Where does your water come from? If your answer is “Uh…the

faucet?”,  then we applaud your blissful lack of problems in

this area! You’ve  probably always had enough water, and hopefully

always will.

  If you live in the city or town, you can hope that you will always  have clean,

plentiful water, well managed and monitored by an  intelligent, responsible

staff at the water treatment facility. This  water comes from the surface

environment - lakes and streams - then  gets treated with science, skill

and lots of equipment, for use and  consumption. The City of Ithaca’s water

source and its progress is a  fascinating saga and frequently in the news.

  Out in the country, you have the pride - and curse - of providing  your

own potable water, and it can sometimes be a challenge to make  sure

this is clean and plentiful.

  Ideally, a private well draws water from deep down, where’s it’s  protected

from surface contamination such as septic fields,  pesticides, and other

chemicals. This drilled opening into the earth  is sealed off from the surface

environment by a specially capped  vertical steel tube called the well casing, usually visible on the  property, but sometimes buried under the lawn. An underground  plastic horizontal pipe brings the water into the house, and this  pipe and its connections are all buried deep enough to be protected  from freezing.

   If you had a well drilled today, you might expect all of these  conditions to be met, but most wells are older, and were established  before the ever increasing environmental laws and awareness. At any  point along an older system, you may find openings to the air,  leaking fittings, and components that are at risk from freezing.

  Many people are just fine with all these supposed weaknesses, as  long as that water keeps coming out the faucet. We frequently  inspect older country homes where the longtime owners - now in their  80’s - are moving out, and the bank for the new buyers has a problem  with the old dug well out back. This type of well, just a hand-dug  deep circular hole in the ground with laid up stone walls, was once  the way all wells were done, and many are still in use with no  apparent problems.  We occasionally still see cisterns, concrete walled-off areas  forming a pool, in the basement of many country and some city homes.   Water was collected from the roof through gutters and directed into  the basement.  Most cisterns are dry these days, with the wall  broken through to make use of the space.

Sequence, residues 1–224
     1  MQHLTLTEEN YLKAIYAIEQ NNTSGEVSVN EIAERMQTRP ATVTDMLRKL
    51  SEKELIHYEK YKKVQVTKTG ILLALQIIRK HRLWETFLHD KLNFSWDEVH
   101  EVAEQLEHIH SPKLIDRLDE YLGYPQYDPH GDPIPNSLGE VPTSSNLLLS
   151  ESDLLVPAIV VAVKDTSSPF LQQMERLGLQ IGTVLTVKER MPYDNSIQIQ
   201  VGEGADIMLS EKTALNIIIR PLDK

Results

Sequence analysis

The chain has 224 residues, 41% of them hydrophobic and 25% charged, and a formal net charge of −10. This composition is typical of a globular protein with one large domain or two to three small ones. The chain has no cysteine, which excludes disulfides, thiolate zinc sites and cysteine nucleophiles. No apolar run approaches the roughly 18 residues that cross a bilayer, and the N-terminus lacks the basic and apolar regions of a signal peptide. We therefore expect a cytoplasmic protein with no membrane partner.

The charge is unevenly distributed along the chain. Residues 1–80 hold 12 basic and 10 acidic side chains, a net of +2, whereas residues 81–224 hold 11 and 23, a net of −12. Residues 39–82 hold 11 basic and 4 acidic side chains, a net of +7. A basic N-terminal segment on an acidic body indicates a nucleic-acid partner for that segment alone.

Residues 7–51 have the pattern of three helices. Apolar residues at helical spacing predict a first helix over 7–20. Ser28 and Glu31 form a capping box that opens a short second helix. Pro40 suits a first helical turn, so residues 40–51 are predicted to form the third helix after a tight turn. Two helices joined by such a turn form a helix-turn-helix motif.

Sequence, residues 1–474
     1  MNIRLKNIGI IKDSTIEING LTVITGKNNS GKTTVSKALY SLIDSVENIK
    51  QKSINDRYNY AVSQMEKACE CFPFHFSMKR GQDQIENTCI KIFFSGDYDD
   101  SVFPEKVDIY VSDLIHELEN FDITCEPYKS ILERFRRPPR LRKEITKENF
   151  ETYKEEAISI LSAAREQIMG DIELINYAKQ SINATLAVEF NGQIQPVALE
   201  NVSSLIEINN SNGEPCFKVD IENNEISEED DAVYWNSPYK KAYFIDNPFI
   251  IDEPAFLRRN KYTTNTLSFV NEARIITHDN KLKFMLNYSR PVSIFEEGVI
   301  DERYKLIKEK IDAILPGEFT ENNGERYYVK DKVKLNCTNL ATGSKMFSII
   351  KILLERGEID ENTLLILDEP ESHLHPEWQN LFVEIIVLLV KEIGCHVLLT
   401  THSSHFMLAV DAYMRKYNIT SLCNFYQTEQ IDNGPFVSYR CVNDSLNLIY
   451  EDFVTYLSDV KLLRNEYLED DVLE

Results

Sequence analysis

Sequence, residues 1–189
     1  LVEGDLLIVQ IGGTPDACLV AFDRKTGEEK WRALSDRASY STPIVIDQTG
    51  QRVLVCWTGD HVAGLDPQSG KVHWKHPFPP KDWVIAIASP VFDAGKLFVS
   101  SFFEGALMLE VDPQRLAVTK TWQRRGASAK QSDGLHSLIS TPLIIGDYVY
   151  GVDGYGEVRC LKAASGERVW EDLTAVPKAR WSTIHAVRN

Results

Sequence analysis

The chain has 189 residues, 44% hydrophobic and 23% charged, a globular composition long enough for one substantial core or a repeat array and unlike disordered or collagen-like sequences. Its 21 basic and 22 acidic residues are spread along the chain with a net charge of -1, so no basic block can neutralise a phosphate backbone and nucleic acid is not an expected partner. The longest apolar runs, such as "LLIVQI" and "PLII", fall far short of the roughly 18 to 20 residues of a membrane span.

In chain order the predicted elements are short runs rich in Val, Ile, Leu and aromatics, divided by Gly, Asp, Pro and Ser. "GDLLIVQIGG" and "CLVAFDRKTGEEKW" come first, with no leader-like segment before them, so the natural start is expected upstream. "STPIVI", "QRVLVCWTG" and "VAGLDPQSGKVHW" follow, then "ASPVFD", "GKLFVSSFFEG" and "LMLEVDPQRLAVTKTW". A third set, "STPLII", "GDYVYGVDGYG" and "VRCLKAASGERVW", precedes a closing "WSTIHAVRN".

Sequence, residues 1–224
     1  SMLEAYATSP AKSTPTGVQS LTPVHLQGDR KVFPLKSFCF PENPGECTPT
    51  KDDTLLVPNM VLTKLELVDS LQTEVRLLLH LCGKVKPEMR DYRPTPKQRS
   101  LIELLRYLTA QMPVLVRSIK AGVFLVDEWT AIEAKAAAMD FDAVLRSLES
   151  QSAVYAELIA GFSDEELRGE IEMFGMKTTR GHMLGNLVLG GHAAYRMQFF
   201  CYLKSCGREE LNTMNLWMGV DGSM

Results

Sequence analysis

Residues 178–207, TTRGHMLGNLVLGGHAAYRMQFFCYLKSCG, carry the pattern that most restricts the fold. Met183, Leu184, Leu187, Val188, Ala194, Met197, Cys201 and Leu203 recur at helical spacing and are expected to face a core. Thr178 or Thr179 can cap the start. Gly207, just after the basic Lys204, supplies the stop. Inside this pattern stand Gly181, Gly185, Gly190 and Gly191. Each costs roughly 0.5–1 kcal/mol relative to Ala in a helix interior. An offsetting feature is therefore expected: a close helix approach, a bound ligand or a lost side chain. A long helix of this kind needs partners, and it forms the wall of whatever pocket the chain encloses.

Given today’s standards of use and quality, the older cisterns, dug  wells, lake water and other unprotected water sources are less and  less acceptable as testing, technology and information about water  improve.  Water can be tested for hundreds of compounds, and each  test has its own conditions of collection, time frame, and fee,  which can add up.  The most common test, usually required for a  property transaction, is total coliform, which detects contamination  from septic fields and decaying organic matter. If the well is  shallow and near farm fields, it's recommended to test for nitrates,  which can originate from industrial fertilizers.

   The problems with private water sources, such as low productivity,  sulfur, coliform, hardness, iron bacteria and others can often be  overcome these days with many and various treatments, including  rehabilitating the well itself. Finding the right treatment can  become not only a matter of chemistry but of space as well, since  the equipment needed can sometimes be quite large.

   A service company or well contractor can appraise the water and  volume, install and maintain the equipment for a one-time or monthly  fee. You can research and install this equipment yourself, though  care should be taken to do it right, since you might someday have to  explain all those pipes and switches to the next nervous buyer.

Campbell and Davies LLC    201 Dey St Suite 211 Ithaca, NY 14850   

607 216 0036    fax 607 216 0402   campbellanddavies@yahoo.com   


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